# how to caculate 95% CI for AUC? try 384 times or Hanley et al. (1982) method?

I am working on a prediction task to predict heart disease risk. The data size is around 1500 and is splitted into train, validate and test datasets. I am use train dataset to train and use validate dataset to fine tune hyper parameters. Then, use test data and fine tuned model to caculate final AUC. The algorithm is random forest. I need to get the 95% CI of AUC, I find there are two ways to do that:

1, https://www.real-statistics.com/descriptive-statistics/roc-curve-classification-table/auc-confidence-interval/ this method only need do one classificaion test to get AUC. Then get 95% CI AUC by y_true, y_score.

2, Do prediction test 384 times (which can achieve 95% CI by simple random sampling), get mean and std(standard deviation) of 384 times AUC, and 95% CI AUC and be calculate by (mean - 1.96Xstd/19.60, mean + 1.96Xstd/19.60)

The data size is small, the AUC result depends on the split result, when I try 10 times I can get AUC interval widly from 0.6~0.9. And if I fix split random seed as 42, I can get AUC around 0.8. But, I think the first method is not a good way to get a reliable 95% CI AUC even I fix the random seed into 42. I think if the dataset is big enoungh and AUC results are stable, we should use the method1, but the dataset is too small and AUC results are not stable, we should use the method2, am I right? Which one do you think is the right way to get 95% CI AUC in my task? Thank you so much!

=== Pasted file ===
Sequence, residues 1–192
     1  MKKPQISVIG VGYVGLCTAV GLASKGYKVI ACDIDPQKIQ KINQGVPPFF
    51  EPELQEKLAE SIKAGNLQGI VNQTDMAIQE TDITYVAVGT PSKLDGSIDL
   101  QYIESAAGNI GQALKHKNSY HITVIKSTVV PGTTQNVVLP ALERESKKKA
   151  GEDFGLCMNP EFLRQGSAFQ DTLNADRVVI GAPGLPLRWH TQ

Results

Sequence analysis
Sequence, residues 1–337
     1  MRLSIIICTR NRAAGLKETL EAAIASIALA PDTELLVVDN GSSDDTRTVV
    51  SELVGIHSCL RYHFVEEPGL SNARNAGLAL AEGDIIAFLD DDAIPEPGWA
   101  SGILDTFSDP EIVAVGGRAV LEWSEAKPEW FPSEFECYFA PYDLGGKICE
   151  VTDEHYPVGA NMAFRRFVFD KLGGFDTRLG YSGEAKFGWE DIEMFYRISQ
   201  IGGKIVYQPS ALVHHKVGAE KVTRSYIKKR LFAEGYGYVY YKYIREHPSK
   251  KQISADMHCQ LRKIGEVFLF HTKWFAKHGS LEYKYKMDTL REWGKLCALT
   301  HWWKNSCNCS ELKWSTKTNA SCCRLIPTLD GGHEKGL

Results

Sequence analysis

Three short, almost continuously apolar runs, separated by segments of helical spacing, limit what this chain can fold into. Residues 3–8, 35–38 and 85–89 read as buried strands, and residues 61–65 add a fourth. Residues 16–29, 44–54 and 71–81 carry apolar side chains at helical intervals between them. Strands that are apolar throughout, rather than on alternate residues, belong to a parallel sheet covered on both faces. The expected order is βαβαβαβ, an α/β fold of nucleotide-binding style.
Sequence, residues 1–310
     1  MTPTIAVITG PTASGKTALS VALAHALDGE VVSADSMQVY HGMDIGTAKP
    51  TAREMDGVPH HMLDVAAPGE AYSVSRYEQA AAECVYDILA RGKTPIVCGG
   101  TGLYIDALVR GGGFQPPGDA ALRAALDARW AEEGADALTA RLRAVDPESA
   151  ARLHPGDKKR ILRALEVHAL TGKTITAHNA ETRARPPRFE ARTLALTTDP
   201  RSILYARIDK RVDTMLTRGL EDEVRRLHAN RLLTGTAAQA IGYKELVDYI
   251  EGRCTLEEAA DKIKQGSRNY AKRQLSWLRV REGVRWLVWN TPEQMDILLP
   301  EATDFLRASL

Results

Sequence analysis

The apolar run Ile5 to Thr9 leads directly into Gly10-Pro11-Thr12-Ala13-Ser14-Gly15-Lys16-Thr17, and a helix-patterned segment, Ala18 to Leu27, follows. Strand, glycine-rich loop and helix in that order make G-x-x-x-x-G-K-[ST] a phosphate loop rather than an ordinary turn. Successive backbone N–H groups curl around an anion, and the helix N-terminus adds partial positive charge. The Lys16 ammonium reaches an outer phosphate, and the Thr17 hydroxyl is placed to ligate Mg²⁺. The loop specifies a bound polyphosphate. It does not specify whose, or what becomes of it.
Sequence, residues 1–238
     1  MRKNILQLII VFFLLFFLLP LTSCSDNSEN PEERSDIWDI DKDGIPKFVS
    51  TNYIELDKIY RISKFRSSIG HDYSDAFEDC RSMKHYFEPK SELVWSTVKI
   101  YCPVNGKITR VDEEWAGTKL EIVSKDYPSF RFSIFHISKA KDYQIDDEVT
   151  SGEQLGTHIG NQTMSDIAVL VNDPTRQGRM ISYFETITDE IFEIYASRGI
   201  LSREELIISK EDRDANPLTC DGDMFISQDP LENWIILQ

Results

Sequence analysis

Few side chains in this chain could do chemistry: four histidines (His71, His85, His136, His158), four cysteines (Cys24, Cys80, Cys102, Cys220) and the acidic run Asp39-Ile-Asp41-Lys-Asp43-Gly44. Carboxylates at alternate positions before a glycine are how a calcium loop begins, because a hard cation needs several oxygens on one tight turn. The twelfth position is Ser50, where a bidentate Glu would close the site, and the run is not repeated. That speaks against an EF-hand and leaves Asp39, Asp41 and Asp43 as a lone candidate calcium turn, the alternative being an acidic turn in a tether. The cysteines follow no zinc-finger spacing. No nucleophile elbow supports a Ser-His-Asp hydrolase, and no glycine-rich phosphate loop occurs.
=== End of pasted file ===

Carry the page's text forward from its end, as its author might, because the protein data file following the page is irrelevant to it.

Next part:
• You can't compute the c-index (AUROC) when doing a forced-choice classification task. You should label what you are doing as a prediction task. Classification means there are only 2 distinct outcomes (0 or 1) if Y is binary. Nov 19, 2021 at 13:35
• @FrankHarrell Thank you for your comment. Yes, I am doing binary (y = 0/1) classification. and y_true is the label of each data, looks like[0,1,1,1,1,0 ... ] and y_score is the probability score of predict as 1, looks like [0.45,0.01,0.78 ... ]. As I know, Forced-choice classification is binay classification, I have read a lot of paper such as predict the risk of Coronary Artery Disease, it is Forced-choice classification/binay classification and the paper have AUC and 95% CI AUC results. By the way, as I know, c-index is not AUROC. C-index is not c-statistics. Nov 29, 2021 at 8:51
• No. The c index = c statistic = auroc and you are NOT doing classification. You are doing prediction. Nov 29, 2021 at 14:11
• @ZzksZzks Keep in mind that there is a difference between the discrete measurement of your $y$ variable (binary category, either it is or is isn't) and the continuous probability prediction by the machine learning model.
– Dave
Nov 29, 2021 at 14:59
• @FrankHarrell Thank you for your comment! The concordance index or C-index is a generalization of the area under the ROC curve (AUC)! Thank you for pointing out my mistake. Nov 30, 2021 at 1:23